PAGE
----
Dewberry led the development of master plan aimed at mitigating impacts of climate change.

In December, the Commonwealth of Virginia announced the completion of its first phase of the inaugural Coastal Resilience Master Plan, which provides a framework to identify and evaluate viable strategies for resilience that are practical and equitable.

Dewberry, a privately held professional services firm, led the development of the master plan under a $2.6-million contract. As part of the master plan, the firm developed a technical study, which assessed and mapped changing hazards and impacts to increasing coastal flooding for present-day and future conditions. The plan also compiled capacity building needs, ongoing efforts, and funding mechanisms to address resilience needs across Virginia’s coast. Additionally, Dewberry supported the study’s technical advisory committee, which facilitated coordination across key stakeholders and incorporated key subject matter knowledge, data, and methods into the master plan; and facilitated stakeholder engagement, which captured diverse resilience perspectives from residents, local and regional officials, and other stakeholders to prioritize regionally specific resilience opportunities. The body of work is presented in the Virginia Coastal Master Plan, Phase 1 document, produced by Dewberry.

As a result of the first phase of the master plan, Virginia has determined current and future land exposure to coastal flooding hazards and identified and anticipated changes in future coastal flood frequency across the Commonwealth, estimated impacts to community resources and natural infrastructure, identified areas with high social vulnerability and coastal flood hazard exposure, conducted stakeholder workshops, established an inventory of locally driven coastal resilience projects that address regional needs, developed a data-driven approach to evaluate and prioritize projects, established an inventory of grant and loan programs, created the Coastal Resilience Web Explorer and Database, developed capacity-building and planning initiatives, and initiated a public planning process.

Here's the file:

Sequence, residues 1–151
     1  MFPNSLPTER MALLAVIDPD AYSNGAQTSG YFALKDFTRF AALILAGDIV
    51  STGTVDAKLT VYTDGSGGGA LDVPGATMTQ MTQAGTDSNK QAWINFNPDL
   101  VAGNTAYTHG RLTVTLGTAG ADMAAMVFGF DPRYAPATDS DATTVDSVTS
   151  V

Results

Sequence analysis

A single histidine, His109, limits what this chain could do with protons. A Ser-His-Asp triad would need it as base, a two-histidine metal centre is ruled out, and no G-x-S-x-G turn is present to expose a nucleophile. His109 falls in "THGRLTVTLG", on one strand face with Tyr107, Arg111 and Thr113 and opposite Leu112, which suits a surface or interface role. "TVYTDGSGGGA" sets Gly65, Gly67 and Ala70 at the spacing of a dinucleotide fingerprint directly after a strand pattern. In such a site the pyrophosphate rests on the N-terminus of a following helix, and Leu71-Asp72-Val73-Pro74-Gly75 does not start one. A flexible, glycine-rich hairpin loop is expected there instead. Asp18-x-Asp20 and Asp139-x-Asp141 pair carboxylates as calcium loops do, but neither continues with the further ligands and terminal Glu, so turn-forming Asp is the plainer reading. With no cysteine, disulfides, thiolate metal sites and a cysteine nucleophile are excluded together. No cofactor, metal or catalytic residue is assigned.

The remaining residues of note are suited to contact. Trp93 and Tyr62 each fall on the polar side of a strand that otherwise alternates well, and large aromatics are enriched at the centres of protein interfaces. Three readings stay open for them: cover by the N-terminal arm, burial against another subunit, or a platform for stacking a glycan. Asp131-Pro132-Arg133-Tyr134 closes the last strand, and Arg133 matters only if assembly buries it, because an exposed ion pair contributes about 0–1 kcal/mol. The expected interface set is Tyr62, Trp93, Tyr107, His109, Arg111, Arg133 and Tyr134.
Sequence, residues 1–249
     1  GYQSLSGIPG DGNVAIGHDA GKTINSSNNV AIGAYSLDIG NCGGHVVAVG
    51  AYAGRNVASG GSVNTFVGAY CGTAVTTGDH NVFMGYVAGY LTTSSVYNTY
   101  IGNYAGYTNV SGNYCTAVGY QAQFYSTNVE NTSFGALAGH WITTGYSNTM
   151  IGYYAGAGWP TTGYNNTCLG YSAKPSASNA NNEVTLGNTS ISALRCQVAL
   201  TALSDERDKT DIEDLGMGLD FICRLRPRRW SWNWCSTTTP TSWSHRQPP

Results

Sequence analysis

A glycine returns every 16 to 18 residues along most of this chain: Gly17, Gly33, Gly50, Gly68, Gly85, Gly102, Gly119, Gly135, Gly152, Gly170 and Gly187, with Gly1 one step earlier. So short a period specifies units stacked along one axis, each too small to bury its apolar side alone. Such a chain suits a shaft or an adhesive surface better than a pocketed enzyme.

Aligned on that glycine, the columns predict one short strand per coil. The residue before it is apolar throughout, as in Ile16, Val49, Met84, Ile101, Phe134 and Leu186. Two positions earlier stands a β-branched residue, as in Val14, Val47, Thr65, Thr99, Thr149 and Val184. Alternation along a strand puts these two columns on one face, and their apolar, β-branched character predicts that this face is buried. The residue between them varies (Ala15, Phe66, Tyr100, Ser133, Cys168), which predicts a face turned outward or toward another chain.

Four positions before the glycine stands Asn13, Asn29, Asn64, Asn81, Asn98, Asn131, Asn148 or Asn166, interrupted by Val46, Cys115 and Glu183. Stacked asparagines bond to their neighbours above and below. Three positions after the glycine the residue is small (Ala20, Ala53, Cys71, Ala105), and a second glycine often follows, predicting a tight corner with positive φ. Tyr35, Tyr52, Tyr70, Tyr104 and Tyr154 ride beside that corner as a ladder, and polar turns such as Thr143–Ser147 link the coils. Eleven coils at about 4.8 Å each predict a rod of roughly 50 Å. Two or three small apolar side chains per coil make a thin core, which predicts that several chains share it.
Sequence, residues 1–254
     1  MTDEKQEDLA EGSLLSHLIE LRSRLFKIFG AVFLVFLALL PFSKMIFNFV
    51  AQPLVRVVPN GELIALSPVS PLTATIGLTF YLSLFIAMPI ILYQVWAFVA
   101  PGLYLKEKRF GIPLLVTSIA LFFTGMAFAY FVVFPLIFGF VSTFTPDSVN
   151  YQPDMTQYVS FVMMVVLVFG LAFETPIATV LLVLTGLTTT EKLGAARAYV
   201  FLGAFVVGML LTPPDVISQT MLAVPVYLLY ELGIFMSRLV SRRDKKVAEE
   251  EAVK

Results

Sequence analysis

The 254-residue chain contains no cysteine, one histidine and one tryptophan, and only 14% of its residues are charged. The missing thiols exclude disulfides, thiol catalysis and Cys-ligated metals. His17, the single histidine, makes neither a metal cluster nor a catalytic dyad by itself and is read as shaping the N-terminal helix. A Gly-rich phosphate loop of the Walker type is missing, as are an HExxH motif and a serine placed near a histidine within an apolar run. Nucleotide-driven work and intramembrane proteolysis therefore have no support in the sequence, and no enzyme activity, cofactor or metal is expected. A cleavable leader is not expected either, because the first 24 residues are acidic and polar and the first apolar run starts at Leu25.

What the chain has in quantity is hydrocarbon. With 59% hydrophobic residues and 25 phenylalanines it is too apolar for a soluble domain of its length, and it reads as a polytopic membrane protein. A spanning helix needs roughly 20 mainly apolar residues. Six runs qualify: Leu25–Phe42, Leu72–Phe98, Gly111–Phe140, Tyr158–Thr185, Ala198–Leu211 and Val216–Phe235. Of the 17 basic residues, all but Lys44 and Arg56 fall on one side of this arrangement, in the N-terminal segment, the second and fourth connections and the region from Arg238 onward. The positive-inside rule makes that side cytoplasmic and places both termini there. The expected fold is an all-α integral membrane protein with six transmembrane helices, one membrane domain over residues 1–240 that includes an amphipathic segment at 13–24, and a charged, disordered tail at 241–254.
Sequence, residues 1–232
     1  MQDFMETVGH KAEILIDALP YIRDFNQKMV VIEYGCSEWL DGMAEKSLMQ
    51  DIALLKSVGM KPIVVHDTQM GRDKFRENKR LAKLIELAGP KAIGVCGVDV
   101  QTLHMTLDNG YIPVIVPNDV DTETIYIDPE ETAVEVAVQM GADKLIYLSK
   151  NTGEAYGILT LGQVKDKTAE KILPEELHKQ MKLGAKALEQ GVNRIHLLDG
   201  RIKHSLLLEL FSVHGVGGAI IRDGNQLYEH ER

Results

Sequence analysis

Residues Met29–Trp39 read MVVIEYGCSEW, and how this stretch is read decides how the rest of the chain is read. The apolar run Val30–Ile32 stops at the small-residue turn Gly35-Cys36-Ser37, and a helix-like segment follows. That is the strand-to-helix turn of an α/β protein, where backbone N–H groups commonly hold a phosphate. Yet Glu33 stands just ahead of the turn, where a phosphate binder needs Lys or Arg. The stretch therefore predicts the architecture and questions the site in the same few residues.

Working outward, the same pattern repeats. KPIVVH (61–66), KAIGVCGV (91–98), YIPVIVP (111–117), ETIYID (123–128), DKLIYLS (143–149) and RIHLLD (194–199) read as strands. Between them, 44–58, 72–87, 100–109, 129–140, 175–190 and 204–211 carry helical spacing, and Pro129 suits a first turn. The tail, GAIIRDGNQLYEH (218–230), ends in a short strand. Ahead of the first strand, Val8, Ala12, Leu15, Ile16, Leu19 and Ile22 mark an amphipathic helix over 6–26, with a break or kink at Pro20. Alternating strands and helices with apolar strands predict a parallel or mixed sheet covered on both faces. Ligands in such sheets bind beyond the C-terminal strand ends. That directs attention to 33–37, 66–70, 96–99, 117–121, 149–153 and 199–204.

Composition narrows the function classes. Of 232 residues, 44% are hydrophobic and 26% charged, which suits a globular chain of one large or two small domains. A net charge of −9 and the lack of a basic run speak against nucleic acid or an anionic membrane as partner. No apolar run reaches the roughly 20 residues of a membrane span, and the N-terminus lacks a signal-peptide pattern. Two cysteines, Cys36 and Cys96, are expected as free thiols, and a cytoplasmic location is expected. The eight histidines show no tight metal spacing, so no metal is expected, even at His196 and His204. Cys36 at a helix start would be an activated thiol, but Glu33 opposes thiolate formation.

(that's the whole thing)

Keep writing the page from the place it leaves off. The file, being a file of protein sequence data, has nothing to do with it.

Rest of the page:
“Throughout the process of conducting this study and creating the master plan, we have learned much about the challenges ahead for Virginia – the magnitude of the exposure in our state reiterates the critical nature of this plan and actions,” says Dewberry Project Manager and Senior Coastal Scientist Brian Batten, Ph.D., CFM. “For example, the area vulnerable to chronic coastal flooding is projected to grow by over 100 square miles in the next 20 years. This will expose an additional 25,000 residential properties to potential repetitive flooding, an estimated increase of 130% from present day conditions. More than 2,000 commercial and industrial facilities, critical to the local and regional economy, will also see this same increase in flood risk. Overall increases to flood risk from a wider range of conditions, such as major, but less frequent flood events are much higher. This is why developing the plan and determining practical solutions for mitigating the impacts of climate change and making coastal Virginia a more resilient area is critical.”

Managed by the Virginia Department of Conservation and Recreation in consultation with the Technical Advisory Committee, the plan is expected to receive successive updates on a five-year cycle. Phase two of the master plan is expected to be complete by the end of 2024.

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